The hatchery is north of Powell River, on the Tla’amin Creek. Their territory covers an expanse from the upper Sunshine Coast through the Johnston Strait, with overlaps of sister nations.
There are many factors impacting the salmon, one of which is warming waters.
“Where it’s colder, into the rivers and lakes where they’re supposed to spawn, but the water’s too warm, because of climate change,” George says.
“We’re going to have really poor survival rates because of climate change.”
George carries his Ayajuthem name Nexnohom in high regard, he says. It means ‘community provider.’
“At the end of the day, it’s going to be a long hard battle over the next few years, and we need to work together to seek a common goal, and that’s protect the resources for everybody to enjoy,” he says.
The Tla’amin hatchery harvests eggs from mature fish, known as broodstock, and and begins the process of tending the growing eggs. When they have surplus, they share them to the smaller hatchery at Klahoose.
But there is more involved in rebuilding salmon stocks than simply having more eggs, Wesley says.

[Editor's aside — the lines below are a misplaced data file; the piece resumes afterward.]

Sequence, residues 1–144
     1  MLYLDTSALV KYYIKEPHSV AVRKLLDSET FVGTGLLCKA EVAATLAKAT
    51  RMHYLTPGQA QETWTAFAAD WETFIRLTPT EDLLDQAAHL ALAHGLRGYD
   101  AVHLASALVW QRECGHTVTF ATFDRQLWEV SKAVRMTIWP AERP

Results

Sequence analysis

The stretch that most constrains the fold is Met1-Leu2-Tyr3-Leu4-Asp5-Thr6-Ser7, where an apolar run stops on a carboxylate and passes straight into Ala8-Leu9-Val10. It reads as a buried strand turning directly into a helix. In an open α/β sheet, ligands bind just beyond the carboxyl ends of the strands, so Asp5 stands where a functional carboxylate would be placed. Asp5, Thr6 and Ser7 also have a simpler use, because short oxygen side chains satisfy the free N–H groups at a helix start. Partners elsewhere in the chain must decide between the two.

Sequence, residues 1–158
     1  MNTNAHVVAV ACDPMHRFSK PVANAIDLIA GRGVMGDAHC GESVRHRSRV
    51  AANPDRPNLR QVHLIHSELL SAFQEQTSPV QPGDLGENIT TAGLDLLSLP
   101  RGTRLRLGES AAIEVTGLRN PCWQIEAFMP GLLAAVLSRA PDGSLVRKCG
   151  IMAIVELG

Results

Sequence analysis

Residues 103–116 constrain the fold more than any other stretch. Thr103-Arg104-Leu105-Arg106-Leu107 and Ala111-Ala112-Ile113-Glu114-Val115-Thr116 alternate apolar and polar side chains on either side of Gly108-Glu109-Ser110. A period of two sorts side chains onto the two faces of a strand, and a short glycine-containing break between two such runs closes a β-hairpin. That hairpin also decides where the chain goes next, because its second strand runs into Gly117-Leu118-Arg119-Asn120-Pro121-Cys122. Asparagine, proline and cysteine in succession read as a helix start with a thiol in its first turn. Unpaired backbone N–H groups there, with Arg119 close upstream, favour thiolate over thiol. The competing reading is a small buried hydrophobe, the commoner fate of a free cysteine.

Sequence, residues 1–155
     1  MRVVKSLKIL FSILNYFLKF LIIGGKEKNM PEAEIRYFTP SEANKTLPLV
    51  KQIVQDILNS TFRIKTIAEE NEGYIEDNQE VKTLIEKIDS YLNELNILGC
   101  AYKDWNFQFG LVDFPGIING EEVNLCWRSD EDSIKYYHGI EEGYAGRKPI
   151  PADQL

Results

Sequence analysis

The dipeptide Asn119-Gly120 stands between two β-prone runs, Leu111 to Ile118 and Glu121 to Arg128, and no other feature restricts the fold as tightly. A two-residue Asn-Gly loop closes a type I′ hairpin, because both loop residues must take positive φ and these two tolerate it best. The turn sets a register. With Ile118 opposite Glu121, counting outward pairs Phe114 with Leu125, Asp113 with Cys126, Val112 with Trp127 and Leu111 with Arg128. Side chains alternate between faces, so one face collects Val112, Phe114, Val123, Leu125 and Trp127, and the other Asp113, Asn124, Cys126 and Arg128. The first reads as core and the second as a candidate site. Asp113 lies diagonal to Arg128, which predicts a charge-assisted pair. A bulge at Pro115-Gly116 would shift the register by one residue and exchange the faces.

Some things she can improve, like providing the hatchery with power, light, fencing. But other concerns are out of her control — and they’re on her mind as she takes temperatures, cleans mesh over drains at the hatchery.
Climate change is a larger issue that shows itself in water levels and stream temperatures.
Wesley says the optimum temperatures for rearing salmonids are generally between 10° C and 16° C, but the actual range for fish in streams varies with food availability and the ability for individuals to obtain that food.
“When the waters are above 20° for days it brings stress and lack of oxygen and they die,” says Wesley. “Our hot summers have brought very warm temperatures to our waters, over 20°C.”
“Another thing with the climate, you’re also dealing with the water supply. One year, 2017, we ran out of water. So the fry were there and we need to keep them in water. We couldn’t. So they got an early release.”
Warming climate has reduced the snowpack, she says, and this is also on her mind.
“I’m a snow dancer,” says Wesley, as she explains snowpack is essential for water levels. The Chum need a steady supply of oxygenated, flowing water washing over them constantly in the incubator.
Of the salmon species, Chum have a better chance of resiliency in facing climate change, says Cortes Island Streamkeeper Cec Robinson.